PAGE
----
Amid uproar, Limbaugh headed to Hall of Famous Missourians

Conservative talk show host Rush Limbaugh talks with guests in the East Room of the White House in Washington in 2009.

Conservative talk show host Rush Limbaugh talks with guests in the East Room of the White House in Washington in 2009. Photo by The Associated Press.

While advertisers flee his radio show, conservative talk show host Rush Limbaugh is poised to be added to the Hall of Famous Missourians in the state Capitol.

Missouri House Speaker Steven Tilley said Monday that he decided to honor Limbaugh about three months ago. He is defending his choice, saying Limbaugh is among the world’s best-known radio personalities.

Limbaugh’s show has lost nine advertisers since he referred last week to a female law student involved in the national debate about insurance for contraception as a “slut” and “prostitute.” Limbaugh has since apologized.

Tilley, a Republican who like Limbaugh is from southeastern Missouri, noted that other Missourians selected for the hall have made controversial statements, including writer Mark Twain who was the first inductee nearly three decades ago.

“It’s not the hall of universally loved Missourians. It’s the Hall of Famous Missourians,” said Tilley, who’s from Perryville. Limbaugh is a Cape Girardeau native.

One group, called Progress Missouri, has started an online petition against Limbaugh’s induction, and several Missouri Democrats objected Monday to the choice. Some said it could be particularly divisive and cheapen and degrade the honor for the others who have been selected.

“I’d like to think when we walk a group of schoolchildren through (the hall) that we’re proud of who’s out there, and I don’t see that being the case here,” said Rep. Sara Lampe, a Democrat from Springfield.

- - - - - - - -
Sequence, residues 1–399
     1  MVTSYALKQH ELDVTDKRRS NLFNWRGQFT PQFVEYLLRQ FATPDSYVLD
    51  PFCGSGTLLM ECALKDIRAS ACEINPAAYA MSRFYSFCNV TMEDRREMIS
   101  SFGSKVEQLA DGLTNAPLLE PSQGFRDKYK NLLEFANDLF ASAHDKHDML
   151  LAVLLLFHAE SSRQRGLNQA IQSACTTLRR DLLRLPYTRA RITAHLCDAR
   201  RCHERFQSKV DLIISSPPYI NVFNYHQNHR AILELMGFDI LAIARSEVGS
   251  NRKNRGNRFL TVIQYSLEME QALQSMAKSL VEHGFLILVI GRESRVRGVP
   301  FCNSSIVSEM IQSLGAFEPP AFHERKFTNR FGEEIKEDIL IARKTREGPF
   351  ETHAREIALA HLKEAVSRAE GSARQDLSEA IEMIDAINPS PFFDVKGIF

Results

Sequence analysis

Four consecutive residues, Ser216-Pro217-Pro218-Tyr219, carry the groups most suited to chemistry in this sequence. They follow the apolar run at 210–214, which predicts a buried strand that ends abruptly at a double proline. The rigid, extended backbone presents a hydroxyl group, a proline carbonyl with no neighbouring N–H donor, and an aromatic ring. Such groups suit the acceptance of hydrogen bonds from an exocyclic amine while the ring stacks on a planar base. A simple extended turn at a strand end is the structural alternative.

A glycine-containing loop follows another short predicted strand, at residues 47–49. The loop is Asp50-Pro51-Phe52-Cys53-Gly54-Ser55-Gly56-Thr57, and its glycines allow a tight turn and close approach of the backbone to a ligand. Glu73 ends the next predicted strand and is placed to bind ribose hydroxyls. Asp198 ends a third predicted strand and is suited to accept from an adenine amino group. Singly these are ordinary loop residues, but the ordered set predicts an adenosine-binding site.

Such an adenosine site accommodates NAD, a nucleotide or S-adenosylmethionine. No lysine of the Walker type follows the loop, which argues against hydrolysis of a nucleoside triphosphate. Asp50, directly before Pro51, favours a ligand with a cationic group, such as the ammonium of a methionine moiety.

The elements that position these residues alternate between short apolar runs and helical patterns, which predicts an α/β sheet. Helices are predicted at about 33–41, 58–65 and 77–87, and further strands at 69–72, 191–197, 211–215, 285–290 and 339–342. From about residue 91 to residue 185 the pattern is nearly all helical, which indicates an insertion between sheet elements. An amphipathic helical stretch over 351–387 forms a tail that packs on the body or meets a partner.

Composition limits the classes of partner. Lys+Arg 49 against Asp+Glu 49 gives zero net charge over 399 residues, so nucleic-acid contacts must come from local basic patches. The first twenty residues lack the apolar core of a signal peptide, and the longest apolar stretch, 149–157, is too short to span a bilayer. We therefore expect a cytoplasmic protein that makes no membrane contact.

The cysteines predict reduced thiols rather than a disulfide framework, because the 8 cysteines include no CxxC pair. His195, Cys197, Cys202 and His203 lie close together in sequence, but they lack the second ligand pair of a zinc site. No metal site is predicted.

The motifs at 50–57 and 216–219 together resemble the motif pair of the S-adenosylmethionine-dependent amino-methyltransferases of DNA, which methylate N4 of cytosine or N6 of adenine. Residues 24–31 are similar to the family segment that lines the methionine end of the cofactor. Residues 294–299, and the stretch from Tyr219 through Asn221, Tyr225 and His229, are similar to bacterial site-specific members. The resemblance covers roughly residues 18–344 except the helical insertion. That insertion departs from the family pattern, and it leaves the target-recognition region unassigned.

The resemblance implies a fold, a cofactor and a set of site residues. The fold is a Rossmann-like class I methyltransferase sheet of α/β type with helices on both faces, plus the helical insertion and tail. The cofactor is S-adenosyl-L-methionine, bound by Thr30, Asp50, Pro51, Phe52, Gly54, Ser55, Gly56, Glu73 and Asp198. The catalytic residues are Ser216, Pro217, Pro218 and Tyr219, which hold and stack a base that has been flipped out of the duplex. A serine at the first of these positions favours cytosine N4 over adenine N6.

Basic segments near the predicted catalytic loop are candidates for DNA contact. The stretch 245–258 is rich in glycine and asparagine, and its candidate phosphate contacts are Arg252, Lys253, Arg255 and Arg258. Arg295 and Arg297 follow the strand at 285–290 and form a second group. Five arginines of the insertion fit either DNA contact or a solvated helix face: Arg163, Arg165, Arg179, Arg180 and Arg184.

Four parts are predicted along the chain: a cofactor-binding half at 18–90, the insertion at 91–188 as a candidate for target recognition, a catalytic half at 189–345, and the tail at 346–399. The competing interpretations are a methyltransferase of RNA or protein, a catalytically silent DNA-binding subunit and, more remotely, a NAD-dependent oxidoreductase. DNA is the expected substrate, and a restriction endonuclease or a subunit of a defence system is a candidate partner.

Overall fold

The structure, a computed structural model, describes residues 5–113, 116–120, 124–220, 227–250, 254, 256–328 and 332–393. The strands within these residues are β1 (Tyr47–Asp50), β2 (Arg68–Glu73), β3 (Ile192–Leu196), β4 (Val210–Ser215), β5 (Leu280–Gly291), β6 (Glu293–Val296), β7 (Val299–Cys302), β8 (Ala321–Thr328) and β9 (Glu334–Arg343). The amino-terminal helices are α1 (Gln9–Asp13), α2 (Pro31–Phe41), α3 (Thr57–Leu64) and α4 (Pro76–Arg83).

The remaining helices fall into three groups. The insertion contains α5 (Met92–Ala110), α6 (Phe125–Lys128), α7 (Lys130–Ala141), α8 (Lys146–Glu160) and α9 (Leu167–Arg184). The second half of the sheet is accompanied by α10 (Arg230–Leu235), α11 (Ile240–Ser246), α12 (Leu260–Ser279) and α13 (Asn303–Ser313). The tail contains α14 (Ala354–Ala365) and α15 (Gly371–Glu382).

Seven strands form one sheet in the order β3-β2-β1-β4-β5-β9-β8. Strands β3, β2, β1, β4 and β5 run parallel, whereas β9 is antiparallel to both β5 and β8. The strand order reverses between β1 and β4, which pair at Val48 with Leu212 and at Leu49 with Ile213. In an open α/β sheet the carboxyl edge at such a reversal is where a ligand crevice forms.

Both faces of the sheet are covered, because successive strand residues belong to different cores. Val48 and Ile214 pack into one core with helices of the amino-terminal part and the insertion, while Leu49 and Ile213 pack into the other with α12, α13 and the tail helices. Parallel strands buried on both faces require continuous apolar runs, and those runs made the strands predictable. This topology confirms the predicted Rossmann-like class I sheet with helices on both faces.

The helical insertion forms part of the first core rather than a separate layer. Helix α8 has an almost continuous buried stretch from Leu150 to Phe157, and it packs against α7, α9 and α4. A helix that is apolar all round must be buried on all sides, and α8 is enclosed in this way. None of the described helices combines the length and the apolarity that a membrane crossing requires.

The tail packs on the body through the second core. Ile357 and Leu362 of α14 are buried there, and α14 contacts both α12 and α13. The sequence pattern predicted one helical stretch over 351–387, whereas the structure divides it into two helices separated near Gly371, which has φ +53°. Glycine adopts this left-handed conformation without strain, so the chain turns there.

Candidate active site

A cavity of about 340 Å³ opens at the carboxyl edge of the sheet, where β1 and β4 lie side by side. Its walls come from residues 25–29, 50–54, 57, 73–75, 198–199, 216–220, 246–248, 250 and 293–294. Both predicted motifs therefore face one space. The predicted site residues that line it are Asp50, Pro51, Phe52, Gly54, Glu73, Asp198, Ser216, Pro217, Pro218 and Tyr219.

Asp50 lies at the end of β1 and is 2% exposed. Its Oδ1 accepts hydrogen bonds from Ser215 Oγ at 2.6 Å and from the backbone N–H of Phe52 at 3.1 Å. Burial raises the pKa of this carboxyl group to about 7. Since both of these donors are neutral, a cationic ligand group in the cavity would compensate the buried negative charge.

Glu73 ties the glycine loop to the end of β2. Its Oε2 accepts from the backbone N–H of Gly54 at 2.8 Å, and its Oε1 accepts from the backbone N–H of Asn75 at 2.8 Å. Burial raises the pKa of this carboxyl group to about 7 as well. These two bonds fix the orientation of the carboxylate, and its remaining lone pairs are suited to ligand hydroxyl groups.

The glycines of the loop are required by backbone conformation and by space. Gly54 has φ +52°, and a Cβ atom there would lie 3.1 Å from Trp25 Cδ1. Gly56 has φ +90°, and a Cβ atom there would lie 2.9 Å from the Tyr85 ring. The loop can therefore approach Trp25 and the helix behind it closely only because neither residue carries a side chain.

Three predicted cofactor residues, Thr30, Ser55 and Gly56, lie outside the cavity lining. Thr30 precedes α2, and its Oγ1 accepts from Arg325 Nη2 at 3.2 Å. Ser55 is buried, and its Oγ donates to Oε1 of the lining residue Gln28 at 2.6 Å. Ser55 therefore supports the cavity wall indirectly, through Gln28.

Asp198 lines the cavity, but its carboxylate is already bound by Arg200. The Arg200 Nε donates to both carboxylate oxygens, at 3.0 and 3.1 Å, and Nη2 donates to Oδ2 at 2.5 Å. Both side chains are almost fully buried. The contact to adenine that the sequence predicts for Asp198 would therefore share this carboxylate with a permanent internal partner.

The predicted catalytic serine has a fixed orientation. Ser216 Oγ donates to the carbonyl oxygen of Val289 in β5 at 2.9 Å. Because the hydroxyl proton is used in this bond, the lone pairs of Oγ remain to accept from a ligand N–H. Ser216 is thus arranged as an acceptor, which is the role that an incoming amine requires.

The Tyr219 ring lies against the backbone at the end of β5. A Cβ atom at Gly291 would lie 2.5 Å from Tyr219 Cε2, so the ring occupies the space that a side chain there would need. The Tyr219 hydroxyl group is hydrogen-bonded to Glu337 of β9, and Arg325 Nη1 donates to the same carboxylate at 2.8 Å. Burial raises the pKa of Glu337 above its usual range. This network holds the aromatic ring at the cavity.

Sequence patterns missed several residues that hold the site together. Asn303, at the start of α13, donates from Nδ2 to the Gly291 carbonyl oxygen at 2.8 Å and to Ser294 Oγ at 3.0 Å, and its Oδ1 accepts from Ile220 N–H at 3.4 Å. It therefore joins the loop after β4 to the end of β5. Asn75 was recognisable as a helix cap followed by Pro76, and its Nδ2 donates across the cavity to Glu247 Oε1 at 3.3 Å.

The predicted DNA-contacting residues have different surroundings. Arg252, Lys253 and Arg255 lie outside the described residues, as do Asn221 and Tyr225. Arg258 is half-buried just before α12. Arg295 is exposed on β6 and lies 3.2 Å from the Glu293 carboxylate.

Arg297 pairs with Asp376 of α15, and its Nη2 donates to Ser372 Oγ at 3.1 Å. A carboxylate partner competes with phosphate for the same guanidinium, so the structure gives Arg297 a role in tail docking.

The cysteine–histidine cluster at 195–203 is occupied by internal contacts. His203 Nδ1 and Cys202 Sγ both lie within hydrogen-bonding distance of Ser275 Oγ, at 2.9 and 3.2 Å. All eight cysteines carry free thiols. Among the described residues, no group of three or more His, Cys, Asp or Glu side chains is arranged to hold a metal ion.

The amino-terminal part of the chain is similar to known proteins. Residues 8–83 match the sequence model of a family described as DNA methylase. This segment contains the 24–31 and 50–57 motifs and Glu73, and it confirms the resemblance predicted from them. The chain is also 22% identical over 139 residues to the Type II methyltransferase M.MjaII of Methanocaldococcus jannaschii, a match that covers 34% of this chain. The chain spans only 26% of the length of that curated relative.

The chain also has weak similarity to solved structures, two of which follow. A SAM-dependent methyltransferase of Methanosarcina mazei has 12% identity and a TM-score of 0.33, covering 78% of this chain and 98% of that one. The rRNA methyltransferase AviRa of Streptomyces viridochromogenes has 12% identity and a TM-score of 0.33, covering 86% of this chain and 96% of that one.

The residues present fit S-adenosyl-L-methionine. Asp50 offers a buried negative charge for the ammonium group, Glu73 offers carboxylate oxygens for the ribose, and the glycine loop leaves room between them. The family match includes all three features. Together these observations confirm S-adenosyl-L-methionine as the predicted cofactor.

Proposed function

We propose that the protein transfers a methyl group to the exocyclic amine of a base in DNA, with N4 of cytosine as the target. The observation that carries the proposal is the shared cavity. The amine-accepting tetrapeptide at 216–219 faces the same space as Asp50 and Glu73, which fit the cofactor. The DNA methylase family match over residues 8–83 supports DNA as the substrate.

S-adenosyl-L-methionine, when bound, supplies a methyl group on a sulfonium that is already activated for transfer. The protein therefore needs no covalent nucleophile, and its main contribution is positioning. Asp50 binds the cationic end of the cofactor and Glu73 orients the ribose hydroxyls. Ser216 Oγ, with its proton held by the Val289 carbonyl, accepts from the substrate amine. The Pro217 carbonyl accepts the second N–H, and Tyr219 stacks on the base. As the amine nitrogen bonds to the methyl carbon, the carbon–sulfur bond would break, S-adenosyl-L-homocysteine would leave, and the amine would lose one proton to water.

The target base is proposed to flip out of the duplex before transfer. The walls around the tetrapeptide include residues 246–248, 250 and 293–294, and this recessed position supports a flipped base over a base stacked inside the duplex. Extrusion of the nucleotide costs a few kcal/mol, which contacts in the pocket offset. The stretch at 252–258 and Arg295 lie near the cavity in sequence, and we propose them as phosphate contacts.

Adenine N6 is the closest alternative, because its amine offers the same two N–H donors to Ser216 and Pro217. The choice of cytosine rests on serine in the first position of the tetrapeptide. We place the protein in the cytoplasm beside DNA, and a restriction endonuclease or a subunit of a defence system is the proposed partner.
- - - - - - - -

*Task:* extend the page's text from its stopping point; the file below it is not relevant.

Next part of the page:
Others selected this year are late Negro Leagues baseball player Buck O’Neil and Dred Scott, a slave who sued unsuccessfully for his freedom.

Tilley said he is proud of Limbaugh’s accomplishments and that a radio talk show host is “going to say things that are provocative or controversial.”

Controversy has swirled around Limbaugh since his comments last week about 30-year-old Georgetown law student Sandra Fluke, who was involved in the national debate about insurance for contraception. Fluke testified in favor of health care policy that would compel her Jesuit college’s health plan to cover birth control.

She was invited to testify before a U.S. House committee, but Republican lawmakers barred her from testifying. She spoke to the Democratic lawmakers at an unofficial session.

Limbaugh said Fluke was seeking to be “paid to have sex.” A day later he said: “If we’re going to have to pay for this, then we want something in return, Ms. Fluke. And that would be the videos of all this sex posted online so we can see what we’re getting for our money.”

Despite an apology from Limbaugh, his radio show has lost nine advertisers and at least one radio station has dropped the program.

There is no timeline for when Limbaugh will be inducted. Scott also is yet to be enshrined. A ceremony for O’Neil was held last week in the Missouri House Chamber.

Inductees into the Hall of Famous Missourians have their busts displayed in the state Capitol. S

everal dozen people have been chosen by Missouri House speakers through the years. They include President Harry Truman, Walt Disney, George Washington Carver, St. Louis Cardinals baseball player Stan Musial and journalist Walter Cronkite.

Busts are funded through donations, and Tilley estimated each costs about $10,000.

Tilley confirmed his selection of Limbaugh and Scott after the liberal-leaning blog “Fired Up! Missouri” published a post on Monday, noting the website of a Kansas City sculptor preparing busts for Limbaugh and Scott.

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